SALEM — This city might think of itself as The Halloween Capital of the World, but does it really deserve the title?
More to the point, does anyone here know anything about Halloween?
For example, do Salem residents know that this is not the “Halloween Capital of the World”? That title has been trademarked by Anoka, Minn., which held the first organized Halloween celebration in 1920 to stop kids from tipping over outhouses and letting the cows loose every Oct. 31.
And does anybody know why we decorate our houses, not to mention ourselves, every Halloween, or why the pumpkin replaced the turnip as the jack-o’-lantern of choice?
“I don’t think anybody does,” said Paul Van Ness, co-owner of CinemaSalem, the downtown movie house.
Van Ness is probably right, which may explain why he made a movie, “The History of Halloween,” to answer all these bewitching questions. It premieres today at his theater in Museum Place Mall.
This is, no doubt, a business venture aimed at making a profit. Van Ness has his own production company and plans to show this 35-minute short film continuously through the month of October, with another 3D documentary he made, “The True 1692,” a film about the Salem Witch Trials.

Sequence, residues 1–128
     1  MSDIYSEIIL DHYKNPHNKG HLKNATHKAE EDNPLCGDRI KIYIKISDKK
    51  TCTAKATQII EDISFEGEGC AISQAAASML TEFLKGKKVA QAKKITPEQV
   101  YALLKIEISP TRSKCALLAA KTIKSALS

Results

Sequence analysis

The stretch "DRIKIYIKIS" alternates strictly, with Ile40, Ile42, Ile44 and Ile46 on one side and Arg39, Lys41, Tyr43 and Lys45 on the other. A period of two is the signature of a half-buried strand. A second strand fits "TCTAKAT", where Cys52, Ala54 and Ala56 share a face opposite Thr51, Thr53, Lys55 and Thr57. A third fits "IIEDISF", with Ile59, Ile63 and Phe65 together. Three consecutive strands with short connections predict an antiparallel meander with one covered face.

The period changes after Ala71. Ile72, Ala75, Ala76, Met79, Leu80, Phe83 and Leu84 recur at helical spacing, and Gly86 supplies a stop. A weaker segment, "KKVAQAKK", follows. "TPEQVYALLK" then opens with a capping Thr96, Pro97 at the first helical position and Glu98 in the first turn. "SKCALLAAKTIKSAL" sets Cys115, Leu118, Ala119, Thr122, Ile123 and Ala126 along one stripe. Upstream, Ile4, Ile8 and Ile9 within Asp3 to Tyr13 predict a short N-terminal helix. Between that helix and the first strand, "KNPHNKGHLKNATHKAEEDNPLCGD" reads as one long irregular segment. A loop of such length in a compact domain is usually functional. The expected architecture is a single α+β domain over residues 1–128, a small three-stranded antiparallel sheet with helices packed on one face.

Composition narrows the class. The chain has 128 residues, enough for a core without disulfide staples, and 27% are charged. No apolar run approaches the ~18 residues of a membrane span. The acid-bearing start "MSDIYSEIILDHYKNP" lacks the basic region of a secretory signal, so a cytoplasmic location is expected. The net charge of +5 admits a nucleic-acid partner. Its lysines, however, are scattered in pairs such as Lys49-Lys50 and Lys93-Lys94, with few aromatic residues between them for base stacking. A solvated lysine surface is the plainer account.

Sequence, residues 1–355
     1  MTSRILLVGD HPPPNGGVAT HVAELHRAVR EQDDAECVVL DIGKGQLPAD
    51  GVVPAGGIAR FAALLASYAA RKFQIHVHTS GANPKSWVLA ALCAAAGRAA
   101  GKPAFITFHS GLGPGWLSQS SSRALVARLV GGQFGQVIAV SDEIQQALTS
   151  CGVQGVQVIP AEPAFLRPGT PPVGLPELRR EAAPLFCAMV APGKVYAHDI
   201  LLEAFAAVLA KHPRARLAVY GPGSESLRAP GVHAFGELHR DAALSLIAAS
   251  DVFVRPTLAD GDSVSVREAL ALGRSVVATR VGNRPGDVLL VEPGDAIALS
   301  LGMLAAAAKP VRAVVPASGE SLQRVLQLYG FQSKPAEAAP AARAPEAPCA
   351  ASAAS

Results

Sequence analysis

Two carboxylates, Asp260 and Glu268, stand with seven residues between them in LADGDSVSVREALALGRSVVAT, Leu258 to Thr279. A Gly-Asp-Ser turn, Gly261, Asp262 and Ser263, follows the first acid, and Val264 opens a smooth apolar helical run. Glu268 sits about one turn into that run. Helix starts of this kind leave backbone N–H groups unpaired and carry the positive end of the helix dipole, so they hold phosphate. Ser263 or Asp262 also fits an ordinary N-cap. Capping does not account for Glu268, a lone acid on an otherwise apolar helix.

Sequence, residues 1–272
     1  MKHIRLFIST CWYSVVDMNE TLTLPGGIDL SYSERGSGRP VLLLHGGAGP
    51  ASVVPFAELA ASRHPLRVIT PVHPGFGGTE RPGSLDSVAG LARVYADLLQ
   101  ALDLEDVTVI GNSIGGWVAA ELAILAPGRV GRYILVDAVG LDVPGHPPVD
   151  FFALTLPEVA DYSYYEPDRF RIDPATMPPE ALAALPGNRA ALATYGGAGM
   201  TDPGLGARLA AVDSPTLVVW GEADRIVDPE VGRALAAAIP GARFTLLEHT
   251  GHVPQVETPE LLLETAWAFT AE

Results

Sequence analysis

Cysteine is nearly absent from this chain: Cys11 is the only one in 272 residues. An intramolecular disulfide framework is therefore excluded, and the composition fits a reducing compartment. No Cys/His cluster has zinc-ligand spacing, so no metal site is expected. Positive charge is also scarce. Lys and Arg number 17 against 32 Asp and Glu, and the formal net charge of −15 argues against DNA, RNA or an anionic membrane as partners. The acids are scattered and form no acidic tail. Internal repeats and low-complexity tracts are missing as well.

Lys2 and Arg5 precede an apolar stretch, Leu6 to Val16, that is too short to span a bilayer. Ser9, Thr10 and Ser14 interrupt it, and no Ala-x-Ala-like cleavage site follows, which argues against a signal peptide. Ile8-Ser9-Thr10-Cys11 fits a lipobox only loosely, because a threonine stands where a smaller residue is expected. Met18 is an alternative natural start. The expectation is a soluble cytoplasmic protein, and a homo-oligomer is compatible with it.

But he has hit on a good topic — the story behind America’s second-most-popular holiday and Salem’s biggest tourist draw.
The film is both serious and humorous, Van Ness said.
The story is told by two narrators, Jill Rogati and Erik Rodenhiser. Both are well-known local actors who dress as women in the film. Rodenhiser plays a rugged “young Celtic maiden,” Van Ness said.
There is also a debate in the film over the true Halloween capital. The case is argued by a modern American maiden, played by Rogati, and a poorly dressed Anoka businessman from the 1920s, played by Bruce Whear, a normally well-dressed Salem businessman and actor.
The film spans a swath of history from the holiday’s pagan origins to modern times. It features about 40 actors and was shot in Salem, Beverly, Topsfield and Haverhill.
Van Ness says he took on this topic because of the fascination people of all ages have with Halloween, with the aura of death and darkness that hovers over it, and with the chance it offers to become a toothless ghoul or smiling princess, if only for a night.
It’s a holiday that keeps growing in popularity, he said, for reasons that escape most of us.
“The holiday is kind of crazy,” Van Ness said. “Everybody loves it so much, and it has a tremendous amount of energy around it, even though nobody knows why we celebrate it or where it came from.”
“The History of Halloween” tries to provide answers, although Van Ness concedes the teaching technique may owe more to Monty Python than PBS’s “Nova.”
“I think people will come out smiling and have their minds stimulated a bit,” he said.
Tom Dalton can be reached at firstname.lastname@example.org.